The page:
Sven Steinmo, “Political Institutions and Tax Policy in the United States, Sweden, and Britain,” World Politics, Vol. 41, No. 4 (July 1989), pp. 500-535.

Theda Skocpol, “Doubly Engaged Social Science.” In Mahoney, James and Dietrich Rueschemeyer (eds): Comparative Historical Analysis in the Social Sciences (Cambridge University Press, 2003), pp. 407-428.

Theda Skocpol and Margaret Somers, “The Uses of Comparative History in Macrosocial Inquiry,” Comparative Studies in Society and History, Vol. 22, No. 2 (April 1980), pp. 174-197.

Theda Skocpol, States and Social Revolutions: A Comparative Analysis of France, Russia, and China (Cambridge: Cambridge University Press, 1979).

Barrington Moore, Jr., Social Origins of Dictatorship and Democracy: Lord and Peasant in the Making of the Modern World (Boston: Beacon Press, 1966).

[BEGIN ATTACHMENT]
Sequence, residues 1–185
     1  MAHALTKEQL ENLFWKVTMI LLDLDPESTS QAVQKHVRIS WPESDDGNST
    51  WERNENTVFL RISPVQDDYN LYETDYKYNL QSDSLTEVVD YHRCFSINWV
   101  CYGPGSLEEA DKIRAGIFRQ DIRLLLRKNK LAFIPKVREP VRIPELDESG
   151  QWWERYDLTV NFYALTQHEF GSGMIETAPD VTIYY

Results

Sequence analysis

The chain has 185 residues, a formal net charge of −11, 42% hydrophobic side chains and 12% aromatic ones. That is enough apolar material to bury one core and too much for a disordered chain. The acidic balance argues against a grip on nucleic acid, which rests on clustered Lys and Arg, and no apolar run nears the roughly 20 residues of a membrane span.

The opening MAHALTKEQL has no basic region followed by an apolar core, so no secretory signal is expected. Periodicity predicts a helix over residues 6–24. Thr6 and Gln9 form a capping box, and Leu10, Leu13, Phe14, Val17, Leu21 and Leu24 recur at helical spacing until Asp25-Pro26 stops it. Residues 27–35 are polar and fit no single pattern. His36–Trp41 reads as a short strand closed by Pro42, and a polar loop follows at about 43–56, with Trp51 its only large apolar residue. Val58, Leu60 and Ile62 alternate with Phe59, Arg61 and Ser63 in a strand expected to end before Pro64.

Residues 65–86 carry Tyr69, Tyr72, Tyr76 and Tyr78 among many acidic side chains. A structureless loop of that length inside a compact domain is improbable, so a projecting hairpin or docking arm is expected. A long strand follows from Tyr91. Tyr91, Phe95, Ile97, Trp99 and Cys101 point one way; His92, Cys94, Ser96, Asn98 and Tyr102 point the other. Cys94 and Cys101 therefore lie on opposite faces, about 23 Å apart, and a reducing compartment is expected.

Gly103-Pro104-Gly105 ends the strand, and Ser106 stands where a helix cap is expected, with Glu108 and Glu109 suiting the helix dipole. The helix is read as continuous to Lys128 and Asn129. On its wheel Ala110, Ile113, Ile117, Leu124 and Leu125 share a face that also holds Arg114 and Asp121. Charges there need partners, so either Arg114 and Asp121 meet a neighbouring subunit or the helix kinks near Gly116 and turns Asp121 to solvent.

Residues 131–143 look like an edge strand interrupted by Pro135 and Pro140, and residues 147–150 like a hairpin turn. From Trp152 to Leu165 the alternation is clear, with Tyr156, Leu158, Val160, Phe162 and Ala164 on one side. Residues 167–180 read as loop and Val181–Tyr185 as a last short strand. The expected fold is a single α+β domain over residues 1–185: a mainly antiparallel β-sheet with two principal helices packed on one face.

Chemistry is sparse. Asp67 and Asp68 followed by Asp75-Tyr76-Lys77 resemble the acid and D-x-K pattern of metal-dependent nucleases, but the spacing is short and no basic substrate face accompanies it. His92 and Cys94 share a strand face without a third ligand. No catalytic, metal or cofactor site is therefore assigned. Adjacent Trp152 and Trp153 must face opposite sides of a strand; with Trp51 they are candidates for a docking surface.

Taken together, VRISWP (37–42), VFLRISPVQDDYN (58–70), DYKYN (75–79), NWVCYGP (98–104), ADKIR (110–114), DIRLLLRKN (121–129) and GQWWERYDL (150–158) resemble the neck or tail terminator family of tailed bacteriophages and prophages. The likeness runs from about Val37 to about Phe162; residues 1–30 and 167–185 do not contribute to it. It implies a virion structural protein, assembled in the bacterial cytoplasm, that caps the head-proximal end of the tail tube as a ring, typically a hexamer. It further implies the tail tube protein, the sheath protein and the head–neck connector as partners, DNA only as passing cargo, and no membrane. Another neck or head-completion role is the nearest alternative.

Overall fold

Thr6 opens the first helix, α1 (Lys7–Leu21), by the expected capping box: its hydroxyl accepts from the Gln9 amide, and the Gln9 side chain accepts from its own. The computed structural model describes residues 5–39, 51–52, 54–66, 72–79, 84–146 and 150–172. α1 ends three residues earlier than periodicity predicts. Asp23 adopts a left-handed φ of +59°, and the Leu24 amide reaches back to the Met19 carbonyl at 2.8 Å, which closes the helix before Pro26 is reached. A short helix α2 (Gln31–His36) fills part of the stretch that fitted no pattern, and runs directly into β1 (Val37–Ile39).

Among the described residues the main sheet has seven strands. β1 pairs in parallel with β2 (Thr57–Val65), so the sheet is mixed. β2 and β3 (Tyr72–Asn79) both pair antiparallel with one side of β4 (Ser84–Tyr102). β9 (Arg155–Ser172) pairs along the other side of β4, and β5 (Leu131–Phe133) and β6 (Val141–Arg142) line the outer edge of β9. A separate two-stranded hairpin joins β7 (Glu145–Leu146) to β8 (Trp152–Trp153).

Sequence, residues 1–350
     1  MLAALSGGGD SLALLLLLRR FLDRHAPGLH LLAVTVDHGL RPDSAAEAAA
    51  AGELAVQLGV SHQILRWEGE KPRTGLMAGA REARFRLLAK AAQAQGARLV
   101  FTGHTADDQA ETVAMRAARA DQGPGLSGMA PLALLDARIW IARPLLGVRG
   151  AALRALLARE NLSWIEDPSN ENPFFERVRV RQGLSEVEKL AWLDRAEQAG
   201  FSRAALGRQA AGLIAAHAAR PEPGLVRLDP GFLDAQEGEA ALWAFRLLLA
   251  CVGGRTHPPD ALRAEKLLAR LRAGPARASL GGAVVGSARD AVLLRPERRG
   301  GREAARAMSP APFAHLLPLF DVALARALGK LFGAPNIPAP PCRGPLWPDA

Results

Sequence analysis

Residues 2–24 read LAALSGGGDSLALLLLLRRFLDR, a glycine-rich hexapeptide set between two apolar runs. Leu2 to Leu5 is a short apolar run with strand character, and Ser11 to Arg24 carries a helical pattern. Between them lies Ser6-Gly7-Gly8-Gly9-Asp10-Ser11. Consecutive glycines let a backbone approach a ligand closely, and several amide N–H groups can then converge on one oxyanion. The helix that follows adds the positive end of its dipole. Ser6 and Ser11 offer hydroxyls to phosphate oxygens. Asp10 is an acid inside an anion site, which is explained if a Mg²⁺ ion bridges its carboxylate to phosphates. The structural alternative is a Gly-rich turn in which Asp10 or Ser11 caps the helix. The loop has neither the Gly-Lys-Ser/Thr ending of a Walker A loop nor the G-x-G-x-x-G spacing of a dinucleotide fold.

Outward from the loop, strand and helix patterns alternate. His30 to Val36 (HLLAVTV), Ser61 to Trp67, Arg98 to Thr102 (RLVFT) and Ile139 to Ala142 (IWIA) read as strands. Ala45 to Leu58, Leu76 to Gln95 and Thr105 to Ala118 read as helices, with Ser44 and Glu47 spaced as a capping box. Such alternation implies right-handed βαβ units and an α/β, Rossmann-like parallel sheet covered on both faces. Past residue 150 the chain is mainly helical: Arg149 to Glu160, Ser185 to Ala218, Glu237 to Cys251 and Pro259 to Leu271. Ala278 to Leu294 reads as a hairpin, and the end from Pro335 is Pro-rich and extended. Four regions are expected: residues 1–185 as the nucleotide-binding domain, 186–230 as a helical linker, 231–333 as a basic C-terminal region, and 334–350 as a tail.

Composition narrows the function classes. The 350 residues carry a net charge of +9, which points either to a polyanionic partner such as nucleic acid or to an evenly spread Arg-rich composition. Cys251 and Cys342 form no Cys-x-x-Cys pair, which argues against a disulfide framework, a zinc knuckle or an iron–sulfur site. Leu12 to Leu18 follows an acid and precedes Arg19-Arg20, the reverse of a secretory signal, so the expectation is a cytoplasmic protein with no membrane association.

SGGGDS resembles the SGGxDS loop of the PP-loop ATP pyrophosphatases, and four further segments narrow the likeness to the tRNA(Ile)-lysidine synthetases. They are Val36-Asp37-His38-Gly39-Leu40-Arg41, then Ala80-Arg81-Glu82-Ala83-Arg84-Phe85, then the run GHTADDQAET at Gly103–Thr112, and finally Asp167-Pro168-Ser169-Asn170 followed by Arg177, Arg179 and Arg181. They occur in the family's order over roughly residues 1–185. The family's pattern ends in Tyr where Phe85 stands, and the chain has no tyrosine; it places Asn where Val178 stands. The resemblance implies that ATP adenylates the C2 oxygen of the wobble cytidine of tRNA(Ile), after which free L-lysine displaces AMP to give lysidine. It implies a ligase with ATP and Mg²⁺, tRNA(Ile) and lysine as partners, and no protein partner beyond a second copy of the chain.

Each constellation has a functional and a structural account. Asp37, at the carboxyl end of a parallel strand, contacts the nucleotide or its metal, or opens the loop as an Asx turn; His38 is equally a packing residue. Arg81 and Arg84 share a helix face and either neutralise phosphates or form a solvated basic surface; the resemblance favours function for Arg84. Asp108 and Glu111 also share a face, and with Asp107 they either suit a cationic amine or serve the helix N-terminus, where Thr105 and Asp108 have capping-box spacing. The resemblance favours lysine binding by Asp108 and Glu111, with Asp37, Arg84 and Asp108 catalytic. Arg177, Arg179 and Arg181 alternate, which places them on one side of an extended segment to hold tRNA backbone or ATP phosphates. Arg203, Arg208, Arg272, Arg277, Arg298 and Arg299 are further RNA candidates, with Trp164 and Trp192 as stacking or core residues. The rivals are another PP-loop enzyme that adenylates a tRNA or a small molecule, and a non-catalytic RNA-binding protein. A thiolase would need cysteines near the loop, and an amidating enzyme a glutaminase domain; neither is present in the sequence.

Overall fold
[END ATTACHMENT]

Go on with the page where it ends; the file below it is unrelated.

Ruth Berins Collier and David Collier, Shaping the Political Arena: Critical Junctures, the Labor Movement, and Regime Dynamics in Latin America (Princeton University Press, 1991).

James Mahoney, “Long-Run Development and the Legacy of Colonialism in Spanish America,” American Journal of Sociology, Vol. 109, No. 1 (2003), pp. 51-106.

Alexander Hicks, Joya Misra, and Tang Nah Ng, “The Programmatic Emergence of the Social Security State,” American Sociological Review, Vol. 60, No. 3 (June 1995), pp. 329-349.

Jean Dreze and Amartya Sen, “China and India,” in Dreze and Sen (eds.) Hunger and Public Action (New York: Oxford University Press, 1989), chap. 11.

Daniel Ziblatt, “Rethinking the Origins of Federalism: Puzzle, Theory and Evidence from Nineteenth Century Europe,” World Politics (October 2004), pp. 70-98.

Gregory M. Luebbert, Liberalism, Fascism, or Social Democracy: Social Classes and the Political Origins of Regimes in Interwar Europe (New York: Oxford University Press, 1991).


Mixed Methods and Nested Analysis

Evan S. Lieberman, “Nested Analysis as a Mixed-Method Strategy for Comparative Research,” American Political Science Review, Vol. 99 (August 2005), pp. 435-452.

Todd D. Jick, “Mixing Quantitative and Qualitative Methods: Triangulation in Action,” Administrative Science Quarterly, Vol. 24, No. 4 (December 1979), pp. 602-611.